Berkeley-based TLS Landscape Architecture has won the Lion Mountain Park Design competition in Suzhou, China, corresponding to the Chinese government's new Urban Work Guidelines. The guidelines prioritize ecological and urban development, as well as rejuvenation of local character in public spaces. Lion Mountain Park will be the first large-scale public project to be constructed according to these values, envisioned as the core of a new urban ecosystem complex.
The Office of the Victorian Government Architect (OVGA) and the Department of Economic Development, Jobs, Transport and Resources (DEDJTR) invites Registered Australian architects and urban designers to participate in a design competition for a renewed Frankston Railway Station.
The competition is seeking an exciting vision for the development of Frankston Station to revitalise the station precinct, improve the amenity for all who use the station, and create a new 'gateway' for Frankston.
Within the sprawling metropolis of Seoul lies an island "forgotten by time." Sitting beneath the Hangang Bridge on the River Han, the floating lot is now nothing but a relic of a bygone era. Formerly a popular man-made beach and recreational area, the past forty years have seen the site erased from the collective consciousness of the city. To breathe new life into the island, the Nodeul Island Dream competition was opened, and Seoul-based MMK+ and Taehyung Park's proposal 'Reconfigured Ground' took first prize.
The proposal looks at the evolution of the island from constructed paradise to overgrown void. Throughout this evolution, an ecosystem has developed and gradual formal changes have taken place. The remote character of the island - currently accentuated by its abandonment - is to be transformed into a positive condition, as it becomes a cultural haven within the bustling city. The architects' design aims to "restore the wild nature of the island while re-programming its natural features as a cultural venue," once again making it a destination point for inhabitants of the city.
Providing more public space for pedestrians is one of the main goals of urban renewal projects taking place in cities around the world.
By planting more trees, implementing more sidewalks and bike paths and establishing new seating areas, it is possible to design more welcoming places with less traffic congestion and that promote sustainable methods of transportation, such as walking or biking.
With the aim of publicizing urban renewal projects that have made cities more pedestrian friendly, Brazilian group Urb-I launched the “Before/After” project, which compiles before and after photos that show how cities have redistributed their public space.
The project is collaborative so that anyone can use Google Street View, or another similar tool, to raise awareness of the changes taking place in their cities.
Read on to see the transformed spaces.
The City of Port Phillip near Melbourne is taking bold measures to enhance the vibrant atmosphere and livability of their city through a variety of urban renewal projects. Promoting a four part community plan of working together to take action, neighborhood development, community leadership, and monitoring progress, and fifteen priorities for action, the city's commitment to environmentally and socially conscious design and policy alongside a strong support for the arts has resulted in a number of noteworthy projects, attracting designers such as Simon Oxenham of Convic, Gregory Burgess Architects, and Paul Morgan Architects to take part.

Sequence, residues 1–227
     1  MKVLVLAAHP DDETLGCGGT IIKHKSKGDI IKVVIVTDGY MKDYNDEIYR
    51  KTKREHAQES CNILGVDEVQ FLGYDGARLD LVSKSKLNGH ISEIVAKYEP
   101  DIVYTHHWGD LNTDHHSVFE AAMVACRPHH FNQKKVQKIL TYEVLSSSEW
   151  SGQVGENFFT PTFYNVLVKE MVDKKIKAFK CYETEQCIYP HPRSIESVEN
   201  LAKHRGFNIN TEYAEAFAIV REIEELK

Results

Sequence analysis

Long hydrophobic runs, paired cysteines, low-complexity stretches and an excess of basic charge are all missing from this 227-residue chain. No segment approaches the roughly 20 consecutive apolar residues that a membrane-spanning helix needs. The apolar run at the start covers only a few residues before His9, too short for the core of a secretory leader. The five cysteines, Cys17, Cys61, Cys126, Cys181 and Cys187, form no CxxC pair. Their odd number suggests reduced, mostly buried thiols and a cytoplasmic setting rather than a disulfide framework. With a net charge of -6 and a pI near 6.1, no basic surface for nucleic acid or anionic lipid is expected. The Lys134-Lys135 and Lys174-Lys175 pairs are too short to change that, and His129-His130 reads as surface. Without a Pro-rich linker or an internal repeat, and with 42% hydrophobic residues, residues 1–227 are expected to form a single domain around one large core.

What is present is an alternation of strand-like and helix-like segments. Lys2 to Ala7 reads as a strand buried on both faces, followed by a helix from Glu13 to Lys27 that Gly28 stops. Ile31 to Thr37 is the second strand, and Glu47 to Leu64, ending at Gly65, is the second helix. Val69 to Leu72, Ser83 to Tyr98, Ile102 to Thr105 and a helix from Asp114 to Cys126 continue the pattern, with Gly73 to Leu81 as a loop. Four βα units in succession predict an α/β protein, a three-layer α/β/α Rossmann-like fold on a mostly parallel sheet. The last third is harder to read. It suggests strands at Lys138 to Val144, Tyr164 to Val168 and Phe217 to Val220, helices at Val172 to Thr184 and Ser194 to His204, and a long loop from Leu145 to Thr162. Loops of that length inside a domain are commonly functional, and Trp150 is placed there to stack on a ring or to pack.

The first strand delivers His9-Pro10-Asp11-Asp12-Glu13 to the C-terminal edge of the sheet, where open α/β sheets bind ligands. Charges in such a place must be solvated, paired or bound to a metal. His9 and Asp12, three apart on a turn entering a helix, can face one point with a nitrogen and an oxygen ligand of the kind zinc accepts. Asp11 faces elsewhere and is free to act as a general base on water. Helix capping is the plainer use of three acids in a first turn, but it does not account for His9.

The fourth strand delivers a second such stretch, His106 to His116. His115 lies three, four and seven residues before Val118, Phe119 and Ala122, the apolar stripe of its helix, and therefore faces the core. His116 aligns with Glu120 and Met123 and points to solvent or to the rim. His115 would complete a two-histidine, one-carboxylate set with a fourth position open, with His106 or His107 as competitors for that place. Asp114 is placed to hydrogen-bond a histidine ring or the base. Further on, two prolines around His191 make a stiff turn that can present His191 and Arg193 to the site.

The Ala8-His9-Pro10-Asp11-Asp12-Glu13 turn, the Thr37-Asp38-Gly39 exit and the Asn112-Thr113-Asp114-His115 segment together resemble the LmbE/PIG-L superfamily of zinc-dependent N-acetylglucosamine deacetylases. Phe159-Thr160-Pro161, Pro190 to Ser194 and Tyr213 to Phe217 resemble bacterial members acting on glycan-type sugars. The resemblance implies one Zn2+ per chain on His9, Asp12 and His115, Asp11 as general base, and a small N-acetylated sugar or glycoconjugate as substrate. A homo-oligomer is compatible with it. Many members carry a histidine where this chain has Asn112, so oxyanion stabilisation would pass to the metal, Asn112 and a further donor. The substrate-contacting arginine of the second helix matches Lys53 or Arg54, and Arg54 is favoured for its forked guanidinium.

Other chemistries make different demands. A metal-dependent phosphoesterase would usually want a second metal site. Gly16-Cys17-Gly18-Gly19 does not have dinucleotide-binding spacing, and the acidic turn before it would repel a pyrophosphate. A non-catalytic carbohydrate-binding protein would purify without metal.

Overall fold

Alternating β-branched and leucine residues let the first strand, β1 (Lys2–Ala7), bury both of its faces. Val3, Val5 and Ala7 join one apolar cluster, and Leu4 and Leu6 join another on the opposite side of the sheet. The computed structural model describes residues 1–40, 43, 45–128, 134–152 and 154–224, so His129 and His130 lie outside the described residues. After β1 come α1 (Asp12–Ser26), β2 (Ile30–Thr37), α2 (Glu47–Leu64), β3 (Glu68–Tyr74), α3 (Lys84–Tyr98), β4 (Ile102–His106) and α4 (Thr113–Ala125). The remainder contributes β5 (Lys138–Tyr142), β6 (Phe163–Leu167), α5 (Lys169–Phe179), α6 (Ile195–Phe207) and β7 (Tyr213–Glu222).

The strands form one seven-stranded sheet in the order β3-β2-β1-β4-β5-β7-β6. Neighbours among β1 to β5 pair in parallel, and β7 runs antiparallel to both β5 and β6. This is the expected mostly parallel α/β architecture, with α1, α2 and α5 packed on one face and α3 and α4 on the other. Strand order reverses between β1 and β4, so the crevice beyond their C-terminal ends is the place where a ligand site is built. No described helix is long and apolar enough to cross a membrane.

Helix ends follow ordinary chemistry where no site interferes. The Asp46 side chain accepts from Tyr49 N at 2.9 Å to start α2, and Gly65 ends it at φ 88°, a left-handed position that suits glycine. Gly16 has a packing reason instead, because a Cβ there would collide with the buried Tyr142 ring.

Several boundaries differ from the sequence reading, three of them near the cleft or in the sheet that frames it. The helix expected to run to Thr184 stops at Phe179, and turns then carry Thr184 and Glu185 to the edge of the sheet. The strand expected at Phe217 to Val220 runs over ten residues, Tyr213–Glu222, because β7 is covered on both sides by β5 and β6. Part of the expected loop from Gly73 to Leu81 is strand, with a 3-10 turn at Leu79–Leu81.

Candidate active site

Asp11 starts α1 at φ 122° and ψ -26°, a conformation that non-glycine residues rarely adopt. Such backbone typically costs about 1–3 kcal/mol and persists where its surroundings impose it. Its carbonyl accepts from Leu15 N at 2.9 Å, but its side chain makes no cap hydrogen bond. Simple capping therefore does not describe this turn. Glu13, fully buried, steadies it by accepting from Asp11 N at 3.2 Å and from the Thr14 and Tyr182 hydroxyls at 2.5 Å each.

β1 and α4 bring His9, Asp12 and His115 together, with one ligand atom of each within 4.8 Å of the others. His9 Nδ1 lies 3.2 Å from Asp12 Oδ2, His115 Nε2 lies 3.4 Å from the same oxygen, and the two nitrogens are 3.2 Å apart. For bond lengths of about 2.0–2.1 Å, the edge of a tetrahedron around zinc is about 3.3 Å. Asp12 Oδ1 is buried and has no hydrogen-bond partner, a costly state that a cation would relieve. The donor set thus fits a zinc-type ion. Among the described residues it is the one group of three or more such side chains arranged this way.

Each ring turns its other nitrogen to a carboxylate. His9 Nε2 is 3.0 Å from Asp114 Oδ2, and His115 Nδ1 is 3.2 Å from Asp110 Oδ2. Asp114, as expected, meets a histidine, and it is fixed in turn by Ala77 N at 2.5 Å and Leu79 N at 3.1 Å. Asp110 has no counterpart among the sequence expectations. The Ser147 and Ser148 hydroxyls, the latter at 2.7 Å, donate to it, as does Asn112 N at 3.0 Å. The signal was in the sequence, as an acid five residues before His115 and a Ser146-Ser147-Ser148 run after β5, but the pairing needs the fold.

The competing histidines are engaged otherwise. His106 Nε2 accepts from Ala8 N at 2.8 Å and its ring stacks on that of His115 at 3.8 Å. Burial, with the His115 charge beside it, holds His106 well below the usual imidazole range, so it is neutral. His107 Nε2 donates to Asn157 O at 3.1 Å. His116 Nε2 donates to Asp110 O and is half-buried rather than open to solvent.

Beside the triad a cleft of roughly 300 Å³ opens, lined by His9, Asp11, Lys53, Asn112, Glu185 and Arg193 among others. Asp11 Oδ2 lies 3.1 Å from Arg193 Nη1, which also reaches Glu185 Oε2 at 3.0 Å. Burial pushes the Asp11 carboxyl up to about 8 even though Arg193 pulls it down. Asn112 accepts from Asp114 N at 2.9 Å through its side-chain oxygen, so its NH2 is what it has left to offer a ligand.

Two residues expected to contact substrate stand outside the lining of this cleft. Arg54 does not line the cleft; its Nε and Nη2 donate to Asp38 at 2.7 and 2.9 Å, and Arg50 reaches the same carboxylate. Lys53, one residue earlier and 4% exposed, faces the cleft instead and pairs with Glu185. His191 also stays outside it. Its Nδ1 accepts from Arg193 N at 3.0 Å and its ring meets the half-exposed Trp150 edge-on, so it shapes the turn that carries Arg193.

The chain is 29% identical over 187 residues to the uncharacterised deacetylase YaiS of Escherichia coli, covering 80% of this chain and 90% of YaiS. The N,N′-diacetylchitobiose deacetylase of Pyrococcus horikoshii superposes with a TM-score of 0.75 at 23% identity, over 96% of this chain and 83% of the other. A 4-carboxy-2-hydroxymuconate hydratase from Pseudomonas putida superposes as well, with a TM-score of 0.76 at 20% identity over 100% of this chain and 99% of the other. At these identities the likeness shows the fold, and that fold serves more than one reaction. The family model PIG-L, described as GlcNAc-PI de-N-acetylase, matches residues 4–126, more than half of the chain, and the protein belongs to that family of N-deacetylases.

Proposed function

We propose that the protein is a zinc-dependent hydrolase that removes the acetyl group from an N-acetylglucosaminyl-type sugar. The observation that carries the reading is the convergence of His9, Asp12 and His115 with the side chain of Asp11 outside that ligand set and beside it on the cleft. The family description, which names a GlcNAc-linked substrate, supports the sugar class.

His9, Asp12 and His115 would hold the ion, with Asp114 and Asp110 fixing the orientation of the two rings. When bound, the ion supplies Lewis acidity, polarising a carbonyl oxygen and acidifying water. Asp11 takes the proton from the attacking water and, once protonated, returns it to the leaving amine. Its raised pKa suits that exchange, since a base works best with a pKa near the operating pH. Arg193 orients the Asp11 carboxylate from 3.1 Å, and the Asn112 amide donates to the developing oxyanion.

Read on after the break to see three videos featuring the award winning projects, created by our friends at Traces Films.
A former treasure in Louisville is now nothing more than a storage facility, while a dilapidated office building in Paris has sat empty for months on end. Both of these cities are taking proactive, but wildly different, measures to help the valuable vacant buildings and lots in their jurisdictions find new life. To learn more about each city's potential solution to this global problem, keep reading after the break.
The government of New South Wales have announced plans for Sydney's largest program of urban renewal since the 2000 Summer Olympics. The proposal seeks to utilise and regenerate a series of former docklands from the area of Blackwattle Bay, through the Sydney Fish Market, Rozelle Bay and Rozelle Rail Yards, to White Bay Power Station (a protected building).
What is the preservationist's role in our modernizing world? According to Michael Allen of Next City, preservationists exist to ensure that redevelopment meets both cultural heritage and economic demands. Read his entire article, originally published on Next City, below.
An abandoned twenty-two mile stretch of derelict railroad and industrial sites used to be a thorn in the Atlanta community's side. But with one student's thesis proposal to redevelop these areas into a sustainable network connecting 45 mixed-use neighborhoods, public concern has since turned into excitement. To learn more about the ambitious project, head over to The Atlantic Cities here.
Development corporation ADIM Nord with MVRDV and de Alzua+ have been announced the winners of an urban renewal competition in the French town of Villeneuve d’Ascq. Dubbed ‘The Beam’, the winning proposal will transform a cluster of disused parking lots and a former petrol station into a dense, pedestrianized haven, whose 15,000 square meters of offices, retail space and lodging will hover over the adjacent motorway as a icon of a larger urban regeneration effort for the town center.
More information on The Beam after the break...
From a park in a forgotten metro station to a human-sized “LEGO” bridge (see our post: The 4 Coolest “High Line” Inspired Projects), the massive success of New York City‘s High Line continues to inspire citizens across the globe to see their city’s forgotten spaces with new eyes – as opportunities for action.